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How Well are You Converting to Cash?

Cash is king, nothing new there. In times of economic disruption especially, there are some silent killers relative to cash that every business needs to be on the lookout for and mindful of the potential effects. When we talk about cash conversion, what that means is how well a business is converting inventory (for businesses that have it), and accounts receivable into cash. Do you know how many days on average it takes from the initial outflows for goods, services, payroll, etc. to convert that into positive cash flow? You need the baseline and to also understand what is happening underneath the service. And a critical disruptor to cash conversion we are seeing in the market right now is related to the lengthening of accounts receivable terms. Here is what to know and what to do about it:

  • Accounts receivable is getting stretched for a large number of businesses. We see this particularly from larger customers. Bottom line, in most cases, they have leverage. They write big checks and are material to the business. Understand how much leverage they really have? Are they highly profitable for you? Do they provide ordering visibility that allows you to forecast more accurately? Do you need to withhold further shipments until things are current? Understand the quality of the client overall and assess your response.
  • An often overlooked aspect of A/R management is a structured follow up process. Do you send regular statements and reminders? Automated ones might work, they might not, and for repeat offenders, a little extra care might be warranted. Many times, the squeaky wheel gets the grease, so stay on the radar. Also, go up the chain with the customer if needed. Especially in larger organizations there can be many layers between the buyer and who writes the checks. You may need to involve multiple parties.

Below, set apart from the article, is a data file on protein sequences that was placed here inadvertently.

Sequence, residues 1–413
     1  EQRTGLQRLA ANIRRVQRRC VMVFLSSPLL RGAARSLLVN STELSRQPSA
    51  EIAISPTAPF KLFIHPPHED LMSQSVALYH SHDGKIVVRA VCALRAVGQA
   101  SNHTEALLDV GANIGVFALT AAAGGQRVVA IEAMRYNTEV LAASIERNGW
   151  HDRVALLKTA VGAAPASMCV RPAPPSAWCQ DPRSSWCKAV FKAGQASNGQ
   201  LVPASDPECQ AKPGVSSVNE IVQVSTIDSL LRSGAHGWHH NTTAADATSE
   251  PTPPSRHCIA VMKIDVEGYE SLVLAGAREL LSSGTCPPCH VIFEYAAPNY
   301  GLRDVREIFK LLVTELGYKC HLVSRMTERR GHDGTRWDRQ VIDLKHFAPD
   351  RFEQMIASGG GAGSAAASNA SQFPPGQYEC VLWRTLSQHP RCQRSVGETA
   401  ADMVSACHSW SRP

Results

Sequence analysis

• Inventory terms in a general sense are not improving, as many suppliers are backed up given softening demand. So, the ability to stretch outlays up front is complicated. What can be done is a re-examination of how you are buying. Could you free up a little cash to help blunt the effects of cash tied up in A/R?
  • Understand that your lender may not just lend you more money. Lenders are concerned about macro-economic conditions. We are already seeing tightening in underwriting. Be proactive and have the conversation about the quality of your collateral, your plans to manage the next 12-24 months and have a financial story to tell them. Just be prepared that you likely need multiple levers and sources of cash to pull on, because lenders will see increasing trends as days sales outstanding as a yellow flag. Too many businesses rely too heavily on their lender for cash. An overall strategy is needed.
  • Forecast cash. This is essential. What do you have the cash to do? What kind of reserves do you have, or need? What is the impact of you average customer delaying payment by even three days? If you don’t know the answers to these questions, start today. Having visibility can illuminate problems ahead of time, and then playing with scenarios can guide actions to steady the course.

As we so often talk about, be proactive. Too many businesses take action too late in the game. Know where you stand, have multiple options in your toolkit, and execute. Getting stretched thin on cash is scary. It does not have to stay that way.

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